Sustainability in fashion is the hot topic of the moment, and was the subject of discussion at Drapers’ latest roundtable.
Sustainability has risen up the agenda in recent years as brands and retailers have taken action to clean up fashion. Earlier this month, MPs called on retailers such as Next, Arcadia Group and Marks & Spencer to give evidence to a government inquiry on the sustainability of the fashion industry.
In light of this, some of the industry’s biggest businesses, including Burberry, Tesco, M&S and Pentland Brands, gathered at Drapers’ sustainability roundtable at in London on 20 September, held in association with sustainability solutions provider Yellow Octopus and clothes recycling app Regain, to discuss how to implement real change. The event took place at The Ritz, which has been awarded certification programme Green Tourism’s gold standard.
Attitudes within fashion organisations are starting to change, as they wake up to the importance of “greening” their businesses. Joe Little, head of sustainability at Tesco’s fashion brand F&F, says over the past year its commercial teams have “really started to embrace it”.
It is a similar story at Pentland Brands. Karina O’Gorman, head of corporate responsibility, says that her focus is the showing the “commercial viability” of embracing sustainability to commercial teams, and she notes that conversation has been “much more open” recently: “This year it’s been much more about people coming to find us, rather than us chasing people around the building.”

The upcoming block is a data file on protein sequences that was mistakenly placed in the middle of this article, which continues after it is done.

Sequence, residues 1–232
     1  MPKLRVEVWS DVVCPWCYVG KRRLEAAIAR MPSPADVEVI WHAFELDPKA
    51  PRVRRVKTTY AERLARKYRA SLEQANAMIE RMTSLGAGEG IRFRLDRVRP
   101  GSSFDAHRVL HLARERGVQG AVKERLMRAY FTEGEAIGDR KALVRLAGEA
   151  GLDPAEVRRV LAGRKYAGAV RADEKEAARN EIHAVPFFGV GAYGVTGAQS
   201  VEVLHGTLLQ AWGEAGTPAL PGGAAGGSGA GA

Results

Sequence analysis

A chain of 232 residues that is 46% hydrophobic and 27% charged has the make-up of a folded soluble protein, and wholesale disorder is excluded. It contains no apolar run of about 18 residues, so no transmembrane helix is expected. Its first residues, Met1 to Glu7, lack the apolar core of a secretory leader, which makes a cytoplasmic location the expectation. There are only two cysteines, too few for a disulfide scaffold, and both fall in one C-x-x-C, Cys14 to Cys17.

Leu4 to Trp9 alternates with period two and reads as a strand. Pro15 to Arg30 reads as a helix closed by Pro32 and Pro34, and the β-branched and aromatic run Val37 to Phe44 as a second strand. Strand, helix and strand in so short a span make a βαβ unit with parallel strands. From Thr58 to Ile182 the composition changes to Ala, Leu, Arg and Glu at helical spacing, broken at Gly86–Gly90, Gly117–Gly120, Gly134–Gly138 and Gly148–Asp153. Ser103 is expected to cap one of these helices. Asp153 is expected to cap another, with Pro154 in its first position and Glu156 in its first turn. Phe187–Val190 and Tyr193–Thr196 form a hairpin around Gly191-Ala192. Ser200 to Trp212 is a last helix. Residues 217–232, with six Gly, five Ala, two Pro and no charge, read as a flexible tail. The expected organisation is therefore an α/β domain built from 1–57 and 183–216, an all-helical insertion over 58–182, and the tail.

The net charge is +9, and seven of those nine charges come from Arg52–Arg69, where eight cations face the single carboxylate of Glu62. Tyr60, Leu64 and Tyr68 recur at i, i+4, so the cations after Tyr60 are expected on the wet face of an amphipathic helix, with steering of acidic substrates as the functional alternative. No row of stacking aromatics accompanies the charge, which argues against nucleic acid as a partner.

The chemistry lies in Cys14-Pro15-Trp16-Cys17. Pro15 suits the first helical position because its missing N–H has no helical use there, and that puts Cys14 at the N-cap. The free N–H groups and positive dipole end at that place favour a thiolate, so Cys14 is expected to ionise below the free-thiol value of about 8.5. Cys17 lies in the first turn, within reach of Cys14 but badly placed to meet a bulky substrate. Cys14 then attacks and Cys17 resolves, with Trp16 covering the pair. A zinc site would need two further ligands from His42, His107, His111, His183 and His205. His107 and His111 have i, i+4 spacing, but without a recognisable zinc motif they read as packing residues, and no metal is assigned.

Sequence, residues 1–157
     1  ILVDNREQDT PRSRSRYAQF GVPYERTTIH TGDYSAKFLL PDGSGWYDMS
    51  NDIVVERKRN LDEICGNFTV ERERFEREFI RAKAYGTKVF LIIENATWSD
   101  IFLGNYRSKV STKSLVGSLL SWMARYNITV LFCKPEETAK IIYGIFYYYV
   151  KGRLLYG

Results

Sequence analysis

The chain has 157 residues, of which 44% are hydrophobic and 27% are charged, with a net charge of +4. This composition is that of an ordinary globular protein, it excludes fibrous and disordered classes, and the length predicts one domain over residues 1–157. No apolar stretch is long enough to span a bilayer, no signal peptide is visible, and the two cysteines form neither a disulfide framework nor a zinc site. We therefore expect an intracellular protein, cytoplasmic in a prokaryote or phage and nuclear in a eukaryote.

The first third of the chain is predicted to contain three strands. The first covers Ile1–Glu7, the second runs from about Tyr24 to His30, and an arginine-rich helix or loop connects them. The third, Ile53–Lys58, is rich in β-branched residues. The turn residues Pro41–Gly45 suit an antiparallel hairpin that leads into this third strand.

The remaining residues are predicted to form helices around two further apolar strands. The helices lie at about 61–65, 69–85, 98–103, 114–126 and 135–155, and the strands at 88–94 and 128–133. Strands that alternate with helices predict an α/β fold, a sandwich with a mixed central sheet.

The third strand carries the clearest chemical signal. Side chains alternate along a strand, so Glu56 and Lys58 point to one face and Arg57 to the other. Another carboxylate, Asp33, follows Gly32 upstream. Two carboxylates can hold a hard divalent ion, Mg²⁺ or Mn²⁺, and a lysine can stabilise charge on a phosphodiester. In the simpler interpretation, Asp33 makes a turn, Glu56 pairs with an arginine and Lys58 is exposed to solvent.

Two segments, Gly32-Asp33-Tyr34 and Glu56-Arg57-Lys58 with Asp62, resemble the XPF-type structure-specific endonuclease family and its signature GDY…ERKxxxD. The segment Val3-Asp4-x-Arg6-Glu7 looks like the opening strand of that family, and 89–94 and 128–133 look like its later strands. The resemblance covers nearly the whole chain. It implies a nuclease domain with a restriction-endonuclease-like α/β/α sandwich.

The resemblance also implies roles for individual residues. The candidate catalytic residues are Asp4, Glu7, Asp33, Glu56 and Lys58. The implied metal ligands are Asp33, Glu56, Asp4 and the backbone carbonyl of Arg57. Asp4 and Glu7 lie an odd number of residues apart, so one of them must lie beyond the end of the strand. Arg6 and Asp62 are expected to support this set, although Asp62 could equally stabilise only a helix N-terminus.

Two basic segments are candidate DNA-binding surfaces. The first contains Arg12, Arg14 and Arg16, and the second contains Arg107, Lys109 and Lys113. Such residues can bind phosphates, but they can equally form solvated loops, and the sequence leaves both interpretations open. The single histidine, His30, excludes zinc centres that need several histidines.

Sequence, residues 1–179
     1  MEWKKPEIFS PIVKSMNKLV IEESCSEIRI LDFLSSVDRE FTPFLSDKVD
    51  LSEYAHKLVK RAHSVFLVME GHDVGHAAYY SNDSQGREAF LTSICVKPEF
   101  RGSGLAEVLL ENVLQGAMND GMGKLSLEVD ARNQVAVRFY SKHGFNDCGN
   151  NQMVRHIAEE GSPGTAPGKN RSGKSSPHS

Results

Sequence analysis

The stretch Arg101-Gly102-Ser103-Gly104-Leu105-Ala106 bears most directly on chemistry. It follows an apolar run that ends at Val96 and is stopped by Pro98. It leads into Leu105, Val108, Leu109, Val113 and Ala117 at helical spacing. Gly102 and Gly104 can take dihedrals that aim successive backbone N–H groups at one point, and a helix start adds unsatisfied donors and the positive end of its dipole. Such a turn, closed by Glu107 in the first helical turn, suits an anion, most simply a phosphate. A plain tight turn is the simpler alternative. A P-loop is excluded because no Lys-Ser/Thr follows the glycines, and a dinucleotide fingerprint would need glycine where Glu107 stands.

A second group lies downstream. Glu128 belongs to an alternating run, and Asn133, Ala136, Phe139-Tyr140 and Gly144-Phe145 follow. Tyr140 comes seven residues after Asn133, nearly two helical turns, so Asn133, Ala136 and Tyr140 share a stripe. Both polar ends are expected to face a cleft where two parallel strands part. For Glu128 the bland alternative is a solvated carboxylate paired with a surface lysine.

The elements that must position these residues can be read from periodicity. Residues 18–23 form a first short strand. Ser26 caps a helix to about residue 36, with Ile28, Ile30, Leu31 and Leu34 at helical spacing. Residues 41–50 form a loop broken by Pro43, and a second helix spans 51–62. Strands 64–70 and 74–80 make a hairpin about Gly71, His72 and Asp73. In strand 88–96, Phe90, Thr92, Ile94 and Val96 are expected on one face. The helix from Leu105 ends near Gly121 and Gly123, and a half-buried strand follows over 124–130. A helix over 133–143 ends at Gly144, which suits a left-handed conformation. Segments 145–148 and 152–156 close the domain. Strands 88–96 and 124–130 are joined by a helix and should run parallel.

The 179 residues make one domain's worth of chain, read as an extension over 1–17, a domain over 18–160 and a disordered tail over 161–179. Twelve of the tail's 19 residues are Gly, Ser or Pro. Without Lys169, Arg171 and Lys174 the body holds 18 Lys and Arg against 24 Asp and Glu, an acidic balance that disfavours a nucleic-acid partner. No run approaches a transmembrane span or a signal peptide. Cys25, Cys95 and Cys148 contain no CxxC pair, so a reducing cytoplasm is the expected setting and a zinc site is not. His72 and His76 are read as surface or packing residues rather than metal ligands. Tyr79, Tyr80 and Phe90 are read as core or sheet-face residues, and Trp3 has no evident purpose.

Many businesses represented in the room have set ambitious targets around sustainability. Ted Baker is aiming to reduce carbon, water and the waste generated or consumed by its products by 15% by 2020, and the M&S Plan A 2025 sets out its goal of becoming a zero-waste business.
One attendee says ambitious public targets are a good thing for the industry: “What other brands are doing is a huge influence. If everyone has a 2020 or 2025 commitment and you haven’t, customers will start asking why. The more people that are doing it, the bigger the momentum.”
A focus on materials
Many around the table are committed to using more sustainable materials, particularly cotton. M&S, for example, gets 77% of its cotton from sustainable sources, and aims to use 100% sustainable cotton by next year.
Several executives admitted their brands had had issues with the quality of recycled materials in the past, and said part of their role was to help buying and design teams recognise that technology has advanced and the end product is now much improved.
Another big hurdle to overcome is cost. The retailers around the table agreed that sustainable fibres tend to be more expensive.